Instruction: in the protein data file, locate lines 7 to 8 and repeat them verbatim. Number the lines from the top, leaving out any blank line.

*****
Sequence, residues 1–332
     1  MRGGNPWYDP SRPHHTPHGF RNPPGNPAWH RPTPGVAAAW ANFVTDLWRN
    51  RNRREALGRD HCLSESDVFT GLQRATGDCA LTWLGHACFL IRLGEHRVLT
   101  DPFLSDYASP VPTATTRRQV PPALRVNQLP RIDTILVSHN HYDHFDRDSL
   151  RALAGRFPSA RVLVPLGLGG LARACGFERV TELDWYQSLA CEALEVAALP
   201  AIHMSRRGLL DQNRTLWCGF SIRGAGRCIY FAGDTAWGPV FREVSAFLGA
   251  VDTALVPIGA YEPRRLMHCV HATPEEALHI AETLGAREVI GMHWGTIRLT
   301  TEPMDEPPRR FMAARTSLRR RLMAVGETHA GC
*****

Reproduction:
   251  VDTALVPIGA YEPRRLMHCV HATPEEALHI AETLGAREVI GMHWGTIRLT
   301  TEPMDEPPRR FMAARTSLRR RLMAVGETHA GC